Remotely Monitored Country
Food Security Outlook Update

Average harvests and stable prices contribute to Minimal (IPC Phase 1) acute food insecurity

October 2015
2015-Q4-1-1-LR-en

IPC 2.0 Acute Food Insecurity Phase

1: Minimal
2: Stressed
3: Crisis
4: Emergency
5: Famine
Would likely be at least one phase worse without current or programmed humanitarian assistance
FEWS NET classification is IPC-compatible. IPC-compatible analysis follows key IPC protocols but does not necessarily reflect the consensus of national food security partners.

IPC 2.0 Acute Food Insecurity Phase

1: Minimal
2: Stressed
3+: Crisis or higher
Would likely be at least one phase worse without
current or programmed humanitarian assistance
FEWS NET classification is IPC-compatible. IPC-compatible analysis follows key IPC protocols but does not necessarily reflect the consensus of national food security partners.
FEWS NET Remote Monitoring countries use a colored outline to represent the highest IPC classification in areas of concern.

IPC 2.0 Acute Food Insecurity Phase

Presence countries:
1: Minimal
2: Stressed
3: Crisis
4: Emergency
5: Famine
Remote monitoring
countries:
1: Minimal
2: Stressed
3+: Crisis or higher
Would likely be at least one phase worse without
current or programmed humanitarian assistance
FEWS NET Remote Monitoring countries use a colored outline to represent the highest IPC classification in areas of concern.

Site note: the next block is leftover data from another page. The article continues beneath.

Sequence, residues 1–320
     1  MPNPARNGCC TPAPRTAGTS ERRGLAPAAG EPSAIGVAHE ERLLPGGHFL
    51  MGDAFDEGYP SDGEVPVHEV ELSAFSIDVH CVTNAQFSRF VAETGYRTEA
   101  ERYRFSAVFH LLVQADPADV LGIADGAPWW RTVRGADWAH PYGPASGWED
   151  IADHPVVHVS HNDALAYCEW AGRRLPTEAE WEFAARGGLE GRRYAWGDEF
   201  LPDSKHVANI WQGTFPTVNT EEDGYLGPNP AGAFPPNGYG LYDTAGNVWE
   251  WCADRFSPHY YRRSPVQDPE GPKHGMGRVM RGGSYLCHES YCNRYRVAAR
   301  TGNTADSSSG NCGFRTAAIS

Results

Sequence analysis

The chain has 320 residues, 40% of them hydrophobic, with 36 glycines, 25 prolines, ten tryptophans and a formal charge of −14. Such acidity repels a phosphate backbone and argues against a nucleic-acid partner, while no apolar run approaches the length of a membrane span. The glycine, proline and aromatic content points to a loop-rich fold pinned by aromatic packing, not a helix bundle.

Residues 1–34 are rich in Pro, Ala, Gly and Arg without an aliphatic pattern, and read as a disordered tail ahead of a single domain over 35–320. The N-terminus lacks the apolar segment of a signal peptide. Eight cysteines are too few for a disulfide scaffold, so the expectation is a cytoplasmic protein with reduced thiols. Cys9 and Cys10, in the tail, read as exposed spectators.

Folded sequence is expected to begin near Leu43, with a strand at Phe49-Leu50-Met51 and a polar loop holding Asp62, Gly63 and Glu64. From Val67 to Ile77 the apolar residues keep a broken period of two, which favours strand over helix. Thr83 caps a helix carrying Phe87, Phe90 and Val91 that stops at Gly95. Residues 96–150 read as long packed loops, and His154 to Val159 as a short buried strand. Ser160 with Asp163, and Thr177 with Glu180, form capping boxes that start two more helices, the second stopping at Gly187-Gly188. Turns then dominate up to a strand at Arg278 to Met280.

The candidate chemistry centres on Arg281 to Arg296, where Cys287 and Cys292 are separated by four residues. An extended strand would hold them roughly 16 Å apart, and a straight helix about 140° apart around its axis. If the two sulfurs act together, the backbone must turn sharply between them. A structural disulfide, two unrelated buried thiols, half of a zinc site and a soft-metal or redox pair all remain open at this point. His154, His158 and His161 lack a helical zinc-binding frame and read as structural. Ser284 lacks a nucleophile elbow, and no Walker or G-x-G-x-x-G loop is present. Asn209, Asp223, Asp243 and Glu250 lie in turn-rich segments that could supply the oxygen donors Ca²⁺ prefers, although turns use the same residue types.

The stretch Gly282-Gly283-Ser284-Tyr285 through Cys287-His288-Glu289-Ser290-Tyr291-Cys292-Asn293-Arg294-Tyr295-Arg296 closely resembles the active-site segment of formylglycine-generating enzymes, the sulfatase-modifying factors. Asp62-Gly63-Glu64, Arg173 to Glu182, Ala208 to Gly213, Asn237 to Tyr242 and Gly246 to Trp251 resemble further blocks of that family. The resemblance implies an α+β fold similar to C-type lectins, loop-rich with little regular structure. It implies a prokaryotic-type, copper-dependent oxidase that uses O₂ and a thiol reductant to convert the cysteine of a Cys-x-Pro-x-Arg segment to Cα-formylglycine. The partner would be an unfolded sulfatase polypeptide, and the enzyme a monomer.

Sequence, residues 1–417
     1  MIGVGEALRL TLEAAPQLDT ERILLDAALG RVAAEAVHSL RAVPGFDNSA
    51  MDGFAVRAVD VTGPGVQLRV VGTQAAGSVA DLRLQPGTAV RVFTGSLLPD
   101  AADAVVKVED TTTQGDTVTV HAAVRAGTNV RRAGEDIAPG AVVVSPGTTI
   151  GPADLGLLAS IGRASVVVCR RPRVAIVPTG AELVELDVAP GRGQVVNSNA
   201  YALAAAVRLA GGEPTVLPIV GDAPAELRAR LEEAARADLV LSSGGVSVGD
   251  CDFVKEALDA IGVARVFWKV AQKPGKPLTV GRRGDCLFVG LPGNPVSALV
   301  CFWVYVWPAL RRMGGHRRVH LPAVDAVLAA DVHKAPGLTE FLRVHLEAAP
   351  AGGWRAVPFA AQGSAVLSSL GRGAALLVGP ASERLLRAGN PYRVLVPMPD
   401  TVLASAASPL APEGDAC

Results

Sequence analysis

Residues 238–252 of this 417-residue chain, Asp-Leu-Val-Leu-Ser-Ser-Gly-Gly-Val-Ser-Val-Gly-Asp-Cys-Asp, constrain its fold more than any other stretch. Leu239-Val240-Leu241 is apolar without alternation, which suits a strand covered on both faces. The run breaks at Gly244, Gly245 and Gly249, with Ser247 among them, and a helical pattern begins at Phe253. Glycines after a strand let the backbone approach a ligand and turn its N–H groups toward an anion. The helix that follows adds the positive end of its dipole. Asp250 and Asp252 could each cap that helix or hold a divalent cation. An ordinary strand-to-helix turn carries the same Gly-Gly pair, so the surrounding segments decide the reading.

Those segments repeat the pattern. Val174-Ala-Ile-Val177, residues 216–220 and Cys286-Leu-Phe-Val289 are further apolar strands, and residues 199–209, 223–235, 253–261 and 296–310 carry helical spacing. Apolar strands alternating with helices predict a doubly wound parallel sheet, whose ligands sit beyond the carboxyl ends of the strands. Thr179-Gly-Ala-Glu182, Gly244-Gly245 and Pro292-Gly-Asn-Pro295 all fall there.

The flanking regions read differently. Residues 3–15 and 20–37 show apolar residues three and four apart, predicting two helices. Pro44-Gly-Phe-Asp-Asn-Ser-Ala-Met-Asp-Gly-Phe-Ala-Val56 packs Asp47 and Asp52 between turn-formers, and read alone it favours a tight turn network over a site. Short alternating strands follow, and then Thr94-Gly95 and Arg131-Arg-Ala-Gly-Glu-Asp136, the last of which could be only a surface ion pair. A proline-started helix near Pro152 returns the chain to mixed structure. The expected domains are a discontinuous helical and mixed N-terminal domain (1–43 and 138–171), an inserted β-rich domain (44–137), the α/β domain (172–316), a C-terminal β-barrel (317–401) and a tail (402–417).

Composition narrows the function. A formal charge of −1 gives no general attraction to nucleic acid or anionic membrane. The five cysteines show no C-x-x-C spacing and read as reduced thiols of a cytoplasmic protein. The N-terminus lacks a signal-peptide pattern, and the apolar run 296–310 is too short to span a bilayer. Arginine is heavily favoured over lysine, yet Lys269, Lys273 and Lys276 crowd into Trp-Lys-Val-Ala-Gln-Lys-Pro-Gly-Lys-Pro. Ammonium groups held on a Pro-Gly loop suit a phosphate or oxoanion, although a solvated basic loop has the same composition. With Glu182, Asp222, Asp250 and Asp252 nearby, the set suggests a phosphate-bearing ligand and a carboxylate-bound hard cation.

Key Messages

  • According to the World Health Organization, as of October 21, 2015, Liberia continues to be free of Ebola. This is contributing to the recovery of certain livelihood activities, such as labor work and petty trade, and is strengthening household purchasing power compared to last year’s levels.

  • October harvests of rice, maize, vegetables and other crops are increasing food availability at the household and market levels and are reducing household demand on local markets. Food prices remain relatively stable which is also helping to maintain food access for poor households.

  • Most households are expected to be able to meet essential food and non-food needs due to ongoing average harvests, the gradual recovery of economic activities, regular rice imports from international markets, and stable food prices. Consequently, Minimal (IPC Phase 1) acute food insecurity is expected in all counties through at least March 2016.

Projected Outlook through March 2016

Satellite-derived rainfall estimates show that cumulative rainfall totals in October were average to above average across much of the country with some slight deficits in the south-east that have had no major impacts on crop production (Figure 3).

According to FEWS NET’s most recent SMS-based trader survey conducted in early October 2015, 45 percent of interviewed traders reported that rice harvesting activities were ongoing in their local communities. However, only thirty five percent of traders stated that these agricultural activities were occurring normally, with the rest of the respondents reported either late and/or below-average activities (Figure 4). However, despite these possible crop production issues, key informant reports indicate that October harvests are, in general, gradually improving food supplies compared to previous months’ levels at both the household and market levels.